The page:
Eco-tourism industry gathers local support

Hinchinbrook MP Nick Dametto at Little Crystal Creek at Paluma

HUNDREDS of Hinchinbrook locals have given their enthusiastic support for an eco-tourism industry in the region in a petition tabled to parliament this week.

Sponsored by Hinchinbrook MP Nick Dametto, the petition called on the House to “support eco-tourism development within the Hinchinbrook electorate, including sustainable development of national parks, and acknowledge the benefits of such investment in bringing jobs to rural and regional Queensland”.

Mr Dametto said the petition, which gathered a combined 259 signatures in its paper and online forms, proved there was a strong appetite in the local community to “grow this exciting industry”.

“Eco-tourism is the sleeping giant of Hinchinbrook that is ready to be awakened,” he said.

“Local businesses will be well placed to be part of a once in a lifetime opportunity in developing an eco-tourism experience on the Thorsborne Trail, through which the State Government is working with prospective private operators to deliver.

“Towns like Cardwell, Lucinda and Ingham would benefit immensely from this sort of industry, where economies are otherwise stagnant. Diversification is a buzz word that usually gets thrown around a lot but we can’t just rely on agriculture, we need those supporting industries and eco-tourism is the real deal.”

The petition has been since referred to Tourism Industry Development Minister Kate Jones for a formal response by no later than June 17.
Mr Dametto said eco-tourism could help unlock Hinchinbrook’s full potential.

“There’s no reason why we can’t be the world’s next must-see adventure tourism destination,” he said.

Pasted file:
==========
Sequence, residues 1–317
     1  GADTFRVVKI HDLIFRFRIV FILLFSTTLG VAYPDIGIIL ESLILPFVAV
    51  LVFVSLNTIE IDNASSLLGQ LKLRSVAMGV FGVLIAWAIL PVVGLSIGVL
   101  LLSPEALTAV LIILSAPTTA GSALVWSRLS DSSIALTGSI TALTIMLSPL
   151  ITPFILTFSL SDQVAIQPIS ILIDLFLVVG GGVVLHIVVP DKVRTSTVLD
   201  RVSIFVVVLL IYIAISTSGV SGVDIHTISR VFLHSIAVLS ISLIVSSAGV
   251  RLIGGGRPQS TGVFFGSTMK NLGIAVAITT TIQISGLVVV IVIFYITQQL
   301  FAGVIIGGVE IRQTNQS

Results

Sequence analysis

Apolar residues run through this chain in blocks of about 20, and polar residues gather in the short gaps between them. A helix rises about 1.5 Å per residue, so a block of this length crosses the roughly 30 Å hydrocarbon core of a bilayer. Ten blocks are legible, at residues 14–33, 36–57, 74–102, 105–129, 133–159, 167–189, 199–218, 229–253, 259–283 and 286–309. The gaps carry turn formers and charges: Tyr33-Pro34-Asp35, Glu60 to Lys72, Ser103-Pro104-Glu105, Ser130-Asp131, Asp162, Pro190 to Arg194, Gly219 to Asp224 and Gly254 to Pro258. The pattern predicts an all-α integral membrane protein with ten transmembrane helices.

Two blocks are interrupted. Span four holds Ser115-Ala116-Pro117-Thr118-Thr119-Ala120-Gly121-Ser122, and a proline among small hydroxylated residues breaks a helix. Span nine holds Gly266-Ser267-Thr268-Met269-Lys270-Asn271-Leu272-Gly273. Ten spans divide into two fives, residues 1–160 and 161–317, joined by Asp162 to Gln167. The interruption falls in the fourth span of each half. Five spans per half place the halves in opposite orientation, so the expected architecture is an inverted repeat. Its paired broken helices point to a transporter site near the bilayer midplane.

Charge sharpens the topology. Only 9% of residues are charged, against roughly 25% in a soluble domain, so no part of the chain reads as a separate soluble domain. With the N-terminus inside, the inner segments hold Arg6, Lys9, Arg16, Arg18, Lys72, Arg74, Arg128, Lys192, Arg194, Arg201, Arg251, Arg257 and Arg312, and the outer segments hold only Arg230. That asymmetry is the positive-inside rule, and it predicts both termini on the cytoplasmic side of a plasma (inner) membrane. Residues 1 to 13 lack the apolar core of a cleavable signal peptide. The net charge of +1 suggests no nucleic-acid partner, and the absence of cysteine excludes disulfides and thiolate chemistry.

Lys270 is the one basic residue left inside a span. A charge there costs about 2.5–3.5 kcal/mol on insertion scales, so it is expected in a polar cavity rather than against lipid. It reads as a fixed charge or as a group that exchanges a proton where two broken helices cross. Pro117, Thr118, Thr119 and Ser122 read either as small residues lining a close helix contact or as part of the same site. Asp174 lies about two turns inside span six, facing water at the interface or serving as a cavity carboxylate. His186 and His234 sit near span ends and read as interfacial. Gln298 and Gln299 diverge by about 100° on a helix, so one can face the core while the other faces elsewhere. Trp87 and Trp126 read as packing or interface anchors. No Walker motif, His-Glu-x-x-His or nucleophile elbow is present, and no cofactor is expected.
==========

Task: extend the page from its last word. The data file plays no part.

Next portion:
“However, from my experience in running a water-based tourism business the key to success is all tidal access. This would need to be restored to Dungeness and Cardwell. You can’t run a business waiting on the tide.

“I have also echoed Hinchinbrook Shire Mayor Ramon Jayo’s call to the State Government to add Wallaman Falls to the list of potential National Park sites that could be commercialised to add to the visitor experience.

“Worldwide there is growing demand for new, unique and low-impact eco-tourism products. Tasmania has led the way in Australia, allowing provisions for the building of facilities in national parks that enhance the tourism product. This has been instrumental in attracting more domestic and international visitors and has turned their economy around.

“I believe we can strike the right balance here between management of national park values and visitor attraction. The Thorsborne Trail is already one of the top 10 multi-day hikes in the world and a low-impact, sustainable eco-tourism experience would only enhance this.”

Nick Dametto MP